Category: quantum vacuum

This Is Why Dark Energy Is The Biggest Unsolved Problem In The Universe

“The true fact of the matter is that, observationally, dark energy is behaving as though it’s a form of energy inherent to the fabric of space itself. WFIRST, NASA’s flagship astrophysics mission of the 2020s (after James Webb), should allow us to reduce the measured constraints on w down to the 1-or-2% level. If it still looks indistinguishable from a cosmological constant (with w = -1) then, we’ll have no choice but to reckon with the quantum vacuum itself.

Why does empty space have the properties that it does? Why is the zero-point energy of the fabric of the Universe a positive, non-zero value? And why does dark energy have the behavior we observe it to have, rather than any other?

There are an infinite number of models we can cook up to describe what we see, but the simplest model — of a non-zero cosmological constant — requires no additions or modifications to match the data. Until we make progress on understanding the quantum vacuum itself, dark energy will remain the biggest unsolved puzzle in all of modern theoretical physics.”

Since 1998, astronomers have known that the Universe isn’t just expanding, but that the more distant a galaxy gets from us, the faster it appears to recede away from us. The reason for this isn’t because of motion, but rather because there’s more than just matter and radiation in the Universe; there’s also a form of energy that appears to be inherent to space itself: dark energy.

While it may be theoretically fashionable to concoct new fields, modifications to gravity, or other forms of new physics, it’s unnecessary. What we really need to do is understand the quantum vacuum, and we don’t. Here’s the story so far.

Ask Ethan: Can A Laser Really Rip Apart Empty Space?

“Science Magazine recently reported that Chinese physicists will start building a 100-petawatt(!!!) laser this year. Can you please explain how they plan to achieve this, and what unique phenomenon this will help physicists explore? Such as, what exactly is “breaking the vacuum?"”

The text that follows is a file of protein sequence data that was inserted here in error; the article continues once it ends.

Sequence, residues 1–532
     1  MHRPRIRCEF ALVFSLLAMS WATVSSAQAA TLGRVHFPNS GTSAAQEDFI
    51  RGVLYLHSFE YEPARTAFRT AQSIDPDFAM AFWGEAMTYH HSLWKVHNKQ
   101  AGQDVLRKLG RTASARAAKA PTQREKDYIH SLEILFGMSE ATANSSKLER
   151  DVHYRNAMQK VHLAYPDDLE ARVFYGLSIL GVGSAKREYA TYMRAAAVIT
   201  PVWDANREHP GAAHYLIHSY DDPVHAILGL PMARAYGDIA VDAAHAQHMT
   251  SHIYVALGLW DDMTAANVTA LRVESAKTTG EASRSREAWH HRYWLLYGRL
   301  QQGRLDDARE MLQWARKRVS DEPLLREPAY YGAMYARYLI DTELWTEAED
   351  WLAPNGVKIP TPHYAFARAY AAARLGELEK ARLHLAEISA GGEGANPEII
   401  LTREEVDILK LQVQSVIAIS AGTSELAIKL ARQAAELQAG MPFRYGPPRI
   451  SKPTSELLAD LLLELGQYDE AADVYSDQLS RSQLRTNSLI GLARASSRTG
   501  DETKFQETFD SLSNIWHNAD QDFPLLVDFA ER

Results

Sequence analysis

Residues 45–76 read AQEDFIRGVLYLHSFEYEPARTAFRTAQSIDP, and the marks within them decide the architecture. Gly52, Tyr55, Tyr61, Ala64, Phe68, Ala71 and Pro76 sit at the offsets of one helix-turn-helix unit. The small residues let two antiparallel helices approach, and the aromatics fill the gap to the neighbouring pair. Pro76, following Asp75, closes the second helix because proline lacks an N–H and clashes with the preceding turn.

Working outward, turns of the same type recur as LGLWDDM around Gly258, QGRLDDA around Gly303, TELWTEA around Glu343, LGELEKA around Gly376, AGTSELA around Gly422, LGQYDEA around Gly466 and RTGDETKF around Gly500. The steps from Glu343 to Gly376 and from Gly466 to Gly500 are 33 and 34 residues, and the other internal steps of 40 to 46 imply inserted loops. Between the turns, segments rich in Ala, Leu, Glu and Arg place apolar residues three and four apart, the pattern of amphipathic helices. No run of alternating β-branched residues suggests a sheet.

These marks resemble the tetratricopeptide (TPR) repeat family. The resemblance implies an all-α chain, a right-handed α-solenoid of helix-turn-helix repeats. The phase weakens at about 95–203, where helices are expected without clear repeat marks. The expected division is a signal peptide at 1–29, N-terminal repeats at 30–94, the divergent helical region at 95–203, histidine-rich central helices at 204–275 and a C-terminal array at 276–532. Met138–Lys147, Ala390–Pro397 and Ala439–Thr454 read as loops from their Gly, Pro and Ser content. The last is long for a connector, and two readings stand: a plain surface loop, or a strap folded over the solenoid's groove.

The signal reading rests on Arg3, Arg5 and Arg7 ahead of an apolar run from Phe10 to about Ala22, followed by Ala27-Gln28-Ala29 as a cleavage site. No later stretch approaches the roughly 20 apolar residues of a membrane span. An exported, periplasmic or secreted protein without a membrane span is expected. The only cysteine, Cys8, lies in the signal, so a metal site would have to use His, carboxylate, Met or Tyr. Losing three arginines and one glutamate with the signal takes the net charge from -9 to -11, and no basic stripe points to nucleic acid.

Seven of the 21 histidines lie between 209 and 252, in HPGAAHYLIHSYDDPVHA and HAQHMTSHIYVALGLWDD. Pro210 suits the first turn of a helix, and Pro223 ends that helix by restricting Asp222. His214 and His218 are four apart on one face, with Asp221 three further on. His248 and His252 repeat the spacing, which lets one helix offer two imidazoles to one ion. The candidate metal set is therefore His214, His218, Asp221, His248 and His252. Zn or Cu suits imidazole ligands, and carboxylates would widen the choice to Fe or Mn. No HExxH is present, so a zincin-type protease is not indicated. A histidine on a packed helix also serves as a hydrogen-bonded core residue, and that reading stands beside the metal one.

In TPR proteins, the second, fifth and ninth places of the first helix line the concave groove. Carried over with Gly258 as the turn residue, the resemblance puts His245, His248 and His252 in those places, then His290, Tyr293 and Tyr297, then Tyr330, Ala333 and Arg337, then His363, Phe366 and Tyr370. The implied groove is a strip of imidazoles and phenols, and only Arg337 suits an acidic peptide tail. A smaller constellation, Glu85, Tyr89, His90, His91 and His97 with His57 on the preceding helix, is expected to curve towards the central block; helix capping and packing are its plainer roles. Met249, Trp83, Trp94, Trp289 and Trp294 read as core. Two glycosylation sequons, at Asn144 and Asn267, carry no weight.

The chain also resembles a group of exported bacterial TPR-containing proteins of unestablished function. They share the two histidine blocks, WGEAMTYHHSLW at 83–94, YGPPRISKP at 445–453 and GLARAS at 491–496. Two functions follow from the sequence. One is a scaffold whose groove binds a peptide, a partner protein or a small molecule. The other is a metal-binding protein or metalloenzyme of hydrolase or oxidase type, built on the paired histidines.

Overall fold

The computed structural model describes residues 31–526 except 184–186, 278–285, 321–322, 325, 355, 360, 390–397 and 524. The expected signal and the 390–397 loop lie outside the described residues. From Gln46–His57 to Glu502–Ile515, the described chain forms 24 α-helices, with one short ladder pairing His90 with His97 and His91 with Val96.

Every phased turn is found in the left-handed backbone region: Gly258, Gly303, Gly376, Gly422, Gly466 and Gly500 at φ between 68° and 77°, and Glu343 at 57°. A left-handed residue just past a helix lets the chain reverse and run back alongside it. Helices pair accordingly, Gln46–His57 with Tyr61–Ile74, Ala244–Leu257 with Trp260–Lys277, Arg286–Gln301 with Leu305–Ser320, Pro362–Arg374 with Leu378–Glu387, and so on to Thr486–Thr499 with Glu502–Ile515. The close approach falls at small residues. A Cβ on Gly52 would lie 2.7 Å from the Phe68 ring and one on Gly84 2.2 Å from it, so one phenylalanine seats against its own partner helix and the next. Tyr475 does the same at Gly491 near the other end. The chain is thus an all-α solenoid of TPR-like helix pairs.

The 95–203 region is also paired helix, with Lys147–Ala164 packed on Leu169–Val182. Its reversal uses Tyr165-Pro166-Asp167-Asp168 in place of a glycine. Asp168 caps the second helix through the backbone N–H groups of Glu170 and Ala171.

As we strive for the greatest frontiers in physics, that always means pushing the limits. To that extra digit closer to absolute zero, the extra factor in high energy particles, the extra depth into the distant Universe. Or, in the case of laser physics, to that extra intensity: power focused into an extremely narrow space. There are three things you need to up that to the maximum amount possible:

-the most extreme amount of energy,
-in the shortest-span of a pulse,
-focused on the narrowest area possible.

If you can make it all the way up to a high enough energy, you should be able to rip electron/positron pairs out of the quantum vacuum (empty space) itself. Colloquially, people have started calling this “breaking the quantum vacuum,” but in reality, nothing gets broken.

The scientific truth is far more interesting! Come get the full story on this edition of Ask Ethan!

The Four Scientific Meanings Of ‘Nothing’

“How does spacetime emerge at a particular location, when there’s no such thing as space? How can you create the beginning of time if there’s no concept of something like “before” without time already existing? And where, then, would the rules governing particles and their interactions arise from? Does this final definition of “nothing” even mean anything at all, or is it just a logical construct with no physical meaning of its own?”

We talk about nothing all the time, most often as the polar opposite of something or anything. But when it comes to the idea of physical nothingness, even scientists can’t agree on a single definition. There are four ways of speaking about the concept of nothing that scientists use all the time, and they’re extremely different from one another. Some use it colloquially, simply referring to a time at which their thing of interest didn’t exist. Others mean the Universe, as it is, removed of all matter, radiation, particles, and even spatial curvature. Some would go a step further, and ensure that the empty space of nothingness is in its ground, or lowest-energy, state. And finally, some would do away with space, time, and the laws of physics altogether. But which one of these can lay claim to truly being nothing, and how far can you go before what you have has nothing to do with reality any longer?

These are not easy questions to answer, and so I’d rather present the four scientific meanings, the context in which scientists use them, and how to identify what’s being said. After all, isn’t the point to increase our understanding?